TORONTO - Brendan Shanahan didn’t have any hockey games to play this week, so instead he invited a group of experts to talk about how to make the NHL better.
Shanahan, a Detroit Red Wings forward, convened a 21-member panel of current and former players, general managers, coaches, retired referee Terry Gregson, and television personalities and executives for a two-day meeting that ended Wednesday.
The group, which included Detroit goalie Curtis Joseph, and Toronto Maple Leafs captain Mats Sundin, presented 10 possible ways to improve the game.
The NHL lockout, which reached its 84th day Wednesday, provided the time for Shanahan to get the committee together at a swanky hotel at Shanahan’s expense.
“Hockey has been good to me,” he said. “That part of it was not something that was an issue for me. I had a lot of time on my mind to think about hockey and the future of the game.”
The seven-time All-Star hopes to present the panel’s findings to union head Bob Goodenow and NHL commissioner Gary Bettman once they hammer out a collective bargaining agreement.
On Thursday, the sides will hold their first negotiating session since Sept. 9. The NHLPA is expected to make another offer with the hope of saving the season.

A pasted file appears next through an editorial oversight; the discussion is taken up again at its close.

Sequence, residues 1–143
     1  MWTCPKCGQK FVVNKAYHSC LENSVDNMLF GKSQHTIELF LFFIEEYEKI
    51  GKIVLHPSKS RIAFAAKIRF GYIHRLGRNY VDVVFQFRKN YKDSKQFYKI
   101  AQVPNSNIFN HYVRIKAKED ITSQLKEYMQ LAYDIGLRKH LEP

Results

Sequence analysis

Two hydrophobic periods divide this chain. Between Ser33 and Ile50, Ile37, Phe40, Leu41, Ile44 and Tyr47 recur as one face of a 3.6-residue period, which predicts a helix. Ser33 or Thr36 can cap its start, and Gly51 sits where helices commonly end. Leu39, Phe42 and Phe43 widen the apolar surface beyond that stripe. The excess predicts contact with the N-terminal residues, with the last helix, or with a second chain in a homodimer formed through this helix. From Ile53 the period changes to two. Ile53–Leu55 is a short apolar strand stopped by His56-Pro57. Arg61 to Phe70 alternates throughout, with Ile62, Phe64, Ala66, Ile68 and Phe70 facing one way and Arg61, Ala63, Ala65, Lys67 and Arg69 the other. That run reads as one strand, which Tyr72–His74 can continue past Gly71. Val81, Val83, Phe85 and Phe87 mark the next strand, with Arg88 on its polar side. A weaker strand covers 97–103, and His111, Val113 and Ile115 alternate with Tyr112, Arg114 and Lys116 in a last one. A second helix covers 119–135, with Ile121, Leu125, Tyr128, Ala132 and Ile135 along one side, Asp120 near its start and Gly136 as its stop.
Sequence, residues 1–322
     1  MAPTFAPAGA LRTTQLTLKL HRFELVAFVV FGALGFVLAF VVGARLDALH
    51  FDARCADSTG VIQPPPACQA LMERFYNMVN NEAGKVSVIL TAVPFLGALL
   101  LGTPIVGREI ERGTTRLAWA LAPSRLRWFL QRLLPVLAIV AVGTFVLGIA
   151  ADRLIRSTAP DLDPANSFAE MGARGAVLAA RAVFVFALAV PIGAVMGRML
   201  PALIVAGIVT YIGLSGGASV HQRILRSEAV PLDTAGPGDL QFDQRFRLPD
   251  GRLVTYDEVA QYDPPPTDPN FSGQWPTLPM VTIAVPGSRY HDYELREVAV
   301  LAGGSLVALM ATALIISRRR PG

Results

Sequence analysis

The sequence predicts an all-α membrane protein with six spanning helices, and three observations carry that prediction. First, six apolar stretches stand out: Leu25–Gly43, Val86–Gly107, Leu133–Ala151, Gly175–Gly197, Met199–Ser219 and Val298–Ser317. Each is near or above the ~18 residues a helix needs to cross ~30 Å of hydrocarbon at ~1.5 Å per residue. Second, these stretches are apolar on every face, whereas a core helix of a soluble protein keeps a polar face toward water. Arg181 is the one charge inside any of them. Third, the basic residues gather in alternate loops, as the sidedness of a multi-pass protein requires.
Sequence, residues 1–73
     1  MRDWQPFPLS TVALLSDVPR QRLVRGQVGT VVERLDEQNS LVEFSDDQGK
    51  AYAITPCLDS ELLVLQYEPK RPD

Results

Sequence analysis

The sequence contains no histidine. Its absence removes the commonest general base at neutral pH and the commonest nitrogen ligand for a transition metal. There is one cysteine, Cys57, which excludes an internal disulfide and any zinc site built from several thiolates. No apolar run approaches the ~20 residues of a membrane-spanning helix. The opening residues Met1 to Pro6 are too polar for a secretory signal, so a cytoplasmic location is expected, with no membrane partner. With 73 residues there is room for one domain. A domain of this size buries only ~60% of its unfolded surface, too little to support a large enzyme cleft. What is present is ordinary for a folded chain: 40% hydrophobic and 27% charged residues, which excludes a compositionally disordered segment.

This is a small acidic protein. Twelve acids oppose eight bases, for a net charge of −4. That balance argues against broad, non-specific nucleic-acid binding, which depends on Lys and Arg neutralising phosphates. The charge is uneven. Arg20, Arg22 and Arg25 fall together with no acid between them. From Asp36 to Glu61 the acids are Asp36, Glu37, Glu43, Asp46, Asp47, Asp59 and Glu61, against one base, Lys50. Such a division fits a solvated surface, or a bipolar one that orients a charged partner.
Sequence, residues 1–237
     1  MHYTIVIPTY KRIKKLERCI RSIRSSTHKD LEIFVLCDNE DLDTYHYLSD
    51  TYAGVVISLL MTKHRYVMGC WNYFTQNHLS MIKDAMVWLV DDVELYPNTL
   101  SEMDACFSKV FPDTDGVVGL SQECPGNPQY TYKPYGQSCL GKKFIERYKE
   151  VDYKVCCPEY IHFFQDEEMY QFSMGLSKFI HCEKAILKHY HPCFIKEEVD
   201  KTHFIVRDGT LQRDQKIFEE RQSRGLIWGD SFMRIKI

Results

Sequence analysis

“I’m not going to get in the way of these negotiations, but when the time is right Gary and Bob will both certainly hear what was discussed in this meeting in greater detail,” Shanahan said.
Among the proposed changes were: creating a competition committee, akin to one in the NFL; clearly defining and enforcing obstruction; a shootout after overtime to eliminate ties; one-minute penalties in overtime; and streamlined goaltender equipment.
Taking a page out of NASCAR’s book, the panel also wants to create a higher profile for its players and make them more accessible to broadcasters during games.
What Shanahan ultimately hopes to achieve is a system in which players and officials have a voice in decisions that affect the games. The way the system works now is NHL general managers propose changes to the league’s board of governors.
“The idea of the competition committee is that in the future we all have a voice on these matters,” Shanahan said.
Some of the suggestions follow those made by general managers at a meeting in February.
The AHL is experimenting with the tag-up offsides rule, no-touch icing, wide blue lines, a restricted area that limits where goalies can handle the puck, moving the goal line back 2 feet, and tiebreaking shootouts.
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